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-   -   Enough to start? (http://www.homebrewtalk.com/f39/enough-start-163805/)

Kunkemonster 02-18-2010 11:20 PM

Enough to start?
 
So I live in a tiny apartment and want to start home brewing. I need the minimum amount of equipment to start. I am going to place my order and want to make sure I'm not missing anything.

10 Gallon pot
Large metal spoon
Thermometer
Sanitizing solution
Strainer
Funnel
Williams Brewing Fermenter bucket with airlock, spigot, and 4 feet of hose.
Williams Brewing Extract Kit

I will also be building a keggerator setup this weekend. I'm going to start off with ice water bath and them move up to a wort chiller later.

woodstone 02-18-2010 11:33 PM

Cons brew with a plastic baggie...sounds like you are ahead of the game!!!

:drunk:

Racking cane helps but tubing works. Add a strainer and funnel to transfer your wort, and maybe secondary/serve in the keg and you are there! Hydrometer, who needs a hydrometer (you'll break it anyway)!

:)

(When you say keggerator set up I presume you mean CO2, regulator, lines, tap, etc.)

PhelanKA7 02-18-2010 11:35 PM

If you've got the dough I would spring for a carboy or another bucket without a spigot to ferment in and save the spigot bucket for a bottling bucket.

Get an auto siphon too. It's easier get your wort into a fermentor without transferring the trub. A similar piece of equipment you should grab is a wine thief for taking hydrometer samples.

While we're at it another thing I would grab is a hydrometer.

homebeerbrewer 02-18-2010 11:37 PM

You'll need a hydrometer with some sort of container to allow the hydrometer to float in. I suggest a Thief, its the easiest way to take a sample, and allows you to dump into a glass for a taste test.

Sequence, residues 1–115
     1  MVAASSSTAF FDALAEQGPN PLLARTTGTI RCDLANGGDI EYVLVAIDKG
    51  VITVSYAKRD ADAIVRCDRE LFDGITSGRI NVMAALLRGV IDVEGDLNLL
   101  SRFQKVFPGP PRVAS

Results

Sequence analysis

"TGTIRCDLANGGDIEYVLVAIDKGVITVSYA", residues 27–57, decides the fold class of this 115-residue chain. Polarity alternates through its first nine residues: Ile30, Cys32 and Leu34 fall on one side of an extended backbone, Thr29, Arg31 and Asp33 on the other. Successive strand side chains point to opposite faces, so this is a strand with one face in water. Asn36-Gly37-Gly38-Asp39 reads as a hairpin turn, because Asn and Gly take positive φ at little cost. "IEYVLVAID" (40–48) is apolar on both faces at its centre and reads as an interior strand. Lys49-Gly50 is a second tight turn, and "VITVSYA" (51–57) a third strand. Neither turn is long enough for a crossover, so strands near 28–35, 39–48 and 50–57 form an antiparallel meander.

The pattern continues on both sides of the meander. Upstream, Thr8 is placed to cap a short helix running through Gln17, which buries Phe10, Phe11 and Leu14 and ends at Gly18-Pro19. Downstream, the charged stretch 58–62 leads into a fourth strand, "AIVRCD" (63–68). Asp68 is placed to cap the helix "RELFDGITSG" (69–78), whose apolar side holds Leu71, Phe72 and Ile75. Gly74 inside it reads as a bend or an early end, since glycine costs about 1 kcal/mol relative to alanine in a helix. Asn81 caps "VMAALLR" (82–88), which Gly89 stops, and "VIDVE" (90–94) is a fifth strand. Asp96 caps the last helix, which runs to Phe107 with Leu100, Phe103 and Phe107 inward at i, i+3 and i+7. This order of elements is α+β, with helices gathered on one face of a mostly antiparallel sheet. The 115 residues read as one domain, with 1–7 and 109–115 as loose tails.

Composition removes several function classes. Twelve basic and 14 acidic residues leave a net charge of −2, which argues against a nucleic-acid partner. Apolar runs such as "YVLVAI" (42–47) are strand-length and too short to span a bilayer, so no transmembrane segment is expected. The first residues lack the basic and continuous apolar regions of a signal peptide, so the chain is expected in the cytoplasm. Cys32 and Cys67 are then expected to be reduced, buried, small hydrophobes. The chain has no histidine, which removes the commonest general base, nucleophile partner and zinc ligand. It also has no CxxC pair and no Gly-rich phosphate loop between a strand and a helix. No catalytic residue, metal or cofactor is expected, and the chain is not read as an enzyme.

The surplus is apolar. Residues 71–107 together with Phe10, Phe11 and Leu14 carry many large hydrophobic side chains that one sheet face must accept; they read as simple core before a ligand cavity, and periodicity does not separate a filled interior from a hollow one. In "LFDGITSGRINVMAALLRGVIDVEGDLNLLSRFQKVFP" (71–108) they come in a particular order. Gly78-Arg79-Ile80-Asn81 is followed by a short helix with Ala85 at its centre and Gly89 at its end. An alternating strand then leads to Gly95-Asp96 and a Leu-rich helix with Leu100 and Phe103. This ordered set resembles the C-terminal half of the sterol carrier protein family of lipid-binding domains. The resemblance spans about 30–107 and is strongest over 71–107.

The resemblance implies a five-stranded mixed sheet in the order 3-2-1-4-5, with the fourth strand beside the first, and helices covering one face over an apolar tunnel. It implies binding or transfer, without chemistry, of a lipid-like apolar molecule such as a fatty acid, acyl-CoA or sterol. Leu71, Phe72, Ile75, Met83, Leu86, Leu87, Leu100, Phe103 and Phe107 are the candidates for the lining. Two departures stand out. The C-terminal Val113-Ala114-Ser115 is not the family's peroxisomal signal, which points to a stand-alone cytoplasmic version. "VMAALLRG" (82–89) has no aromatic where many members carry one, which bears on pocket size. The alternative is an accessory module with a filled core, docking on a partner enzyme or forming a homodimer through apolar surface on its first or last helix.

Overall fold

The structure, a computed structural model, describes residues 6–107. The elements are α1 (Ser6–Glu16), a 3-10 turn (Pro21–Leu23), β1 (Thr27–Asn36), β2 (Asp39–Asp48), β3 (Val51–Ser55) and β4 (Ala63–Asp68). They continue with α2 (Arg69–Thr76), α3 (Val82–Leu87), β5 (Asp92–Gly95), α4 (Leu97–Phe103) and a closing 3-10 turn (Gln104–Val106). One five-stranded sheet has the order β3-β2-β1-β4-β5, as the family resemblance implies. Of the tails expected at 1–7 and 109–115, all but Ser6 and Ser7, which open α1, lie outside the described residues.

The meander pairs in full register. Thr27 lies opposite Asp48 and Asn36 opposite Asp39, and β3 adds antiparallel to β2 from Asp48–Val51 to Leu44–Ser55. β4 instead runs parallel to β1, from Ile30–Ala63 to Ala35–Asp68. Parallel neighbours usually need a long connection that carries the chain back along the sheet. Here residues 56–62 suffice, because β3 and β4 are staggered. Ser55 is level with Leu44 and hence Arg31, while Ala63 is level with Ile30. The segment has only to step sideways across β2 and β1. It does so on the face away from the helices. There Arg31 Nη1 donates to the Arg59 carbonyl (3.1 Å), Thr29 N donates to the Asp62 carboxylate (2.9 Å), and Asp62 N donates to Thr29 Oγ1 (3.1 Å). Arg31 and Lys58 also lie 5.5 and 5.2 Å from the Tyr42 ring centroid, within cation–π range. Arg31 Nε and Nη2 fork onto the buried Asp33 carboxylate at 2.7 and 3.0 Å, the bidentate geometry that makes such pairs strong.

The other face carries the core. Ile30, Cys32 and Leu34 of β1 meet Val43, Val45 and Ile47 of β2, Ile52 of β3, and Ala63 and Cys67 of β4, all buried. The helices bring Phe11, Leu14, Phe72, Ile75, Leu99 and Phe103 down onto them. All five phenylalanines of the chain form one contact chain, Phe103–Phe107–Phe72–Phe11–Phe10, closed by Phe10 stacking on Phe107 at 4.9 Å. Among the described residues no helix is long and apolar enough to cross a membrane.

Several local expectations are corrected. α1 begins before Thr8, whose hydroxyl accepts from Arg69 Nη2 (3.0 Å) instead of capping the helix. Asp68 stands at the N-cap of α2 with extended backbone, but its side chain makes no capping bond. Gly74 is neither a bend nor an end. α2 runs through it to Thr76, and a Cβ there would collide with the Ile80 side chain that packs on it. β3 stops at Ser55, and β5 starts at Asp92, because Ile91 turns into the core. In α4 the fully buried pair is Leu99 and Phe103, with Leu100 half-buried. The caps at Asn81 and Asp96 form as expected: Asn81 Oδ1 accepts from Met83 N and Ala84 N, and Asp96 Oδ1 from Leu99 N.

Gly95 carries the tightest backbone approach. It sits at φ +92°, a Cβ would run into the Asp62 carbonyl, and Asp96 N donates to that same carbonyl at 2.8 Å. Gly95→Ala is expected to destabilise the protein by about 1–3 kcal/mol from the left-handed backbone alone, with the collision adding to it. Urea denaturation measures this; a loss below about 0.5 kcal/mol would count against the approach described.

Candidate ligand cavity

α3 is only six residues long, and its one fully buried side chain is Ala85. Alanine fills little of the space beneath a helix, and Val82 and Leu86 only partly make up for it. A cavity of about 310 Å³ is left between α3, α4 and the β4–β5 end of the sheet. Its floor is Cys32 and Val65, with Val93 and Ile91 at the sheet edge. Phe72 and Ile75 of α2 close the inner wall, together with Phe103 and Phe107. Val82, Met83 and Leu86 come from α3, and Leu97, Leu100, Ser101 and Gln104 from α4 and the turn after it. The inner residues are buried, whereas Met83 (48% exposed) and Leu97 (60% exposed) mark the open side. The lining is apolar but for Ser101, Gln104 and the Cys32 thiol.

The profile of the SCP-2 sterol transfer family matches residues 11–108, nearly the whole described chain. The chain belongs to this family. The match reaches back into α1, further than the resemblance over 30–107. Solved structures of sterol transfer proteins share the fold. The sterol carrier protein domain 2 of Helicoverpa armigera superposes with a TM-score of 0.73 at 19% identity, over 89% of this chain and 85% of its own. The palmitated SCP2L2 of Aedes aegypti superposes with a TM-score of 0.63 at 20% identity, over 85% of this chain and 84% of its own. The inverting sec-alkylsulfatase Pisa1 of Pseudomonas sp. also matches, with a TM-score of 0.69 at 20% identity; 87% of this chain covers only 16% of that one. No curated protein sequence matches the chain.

You'll also need a keg or two, plus all the fittings, gauges, tank, and related hardware if you're kegging. But your beginners list looks good.

mikebiewer 02-18-2010 11:45 PM

I think I've got a pretty good "minimum" requirements needed to home brew post on my blog. I setup a friend the other day for under $150 easy, especially if your going to collect your own bottles. But since you are doing kegs, that shouldn't be an issue.

Check it out, I try to explain what you need and why and what it does.

Getting Started Brewing My Own Beer

Let me know if you need any other help.

Gammon N Beer 02-19-2010 12:00 AM

First of all, welcome to this hobby that turns into an obsession for menay, byt not me. Hehe.

I believe the best advice I can provide a new brewer is: Plan so you are not purchasing equipment twice.

You have a small apartment and seek advice from those that have small apartments. But plan for the day when you get a biger place. You will want to add to your brewery, not spend money to replace equipment already purchased.

The second piece of advice....Purchase a full stater kit like this one of these: http://www.northernbrewer.com/brewing/starter-kits

There are other variations from reputable shops found at this site as well as maybe your home town.

Search around, read and learn. That is a big part of this hobby.

Good luck

wyzazz 02-19-2010 12:10 AM

Get the autosiphon, it's well worth it!

Kunkemonster 02-19-2010 12:55 AM

The reason I was going for a plastic bucket vs. a cartboy is I live in Korea and I don't want to ship it.

I was going to wait on the hydrometer as I will only be making premixed kits to start.


Yes, "(When you say keggerator set up I presume you mean CO2, regulator, lines, tap, etc.)"

Kunkemonster 02-19-2010 01:09 AM

Quote:

Originally Posted by wyzazz (Post 1892993)
Get the autosiphon, it's well worth it!

If I have a plastic fermenter with spigot do I need an autosiphon?

Corkster 02-19-2010 02:41 AM

Quote:

Originally Posted by Kunkemonster (Post 1893099)
If I have a plastic fermenter with spigot do I need an autosiphon?

It depends.... are you going to be transferring the beer often? as in a transfer to a secondary fermentor and transfer to bottling bucket?

Any time you need to rack (siphon) your beer to another vessel of any kind, it's awesome to have an auto-siphon. just dumping right out the spigot on the bucket could potentially lead to excessive splashing if not done carefully which will oxidize your beer.

You will also be wanting to transfer your beer to a bottling bucket so you don't end up dumping excess sludge into your bottles at bottling time.

my two cents worth..... go for an auto siphon as it's relatively cheap and extraordinarily helpful!


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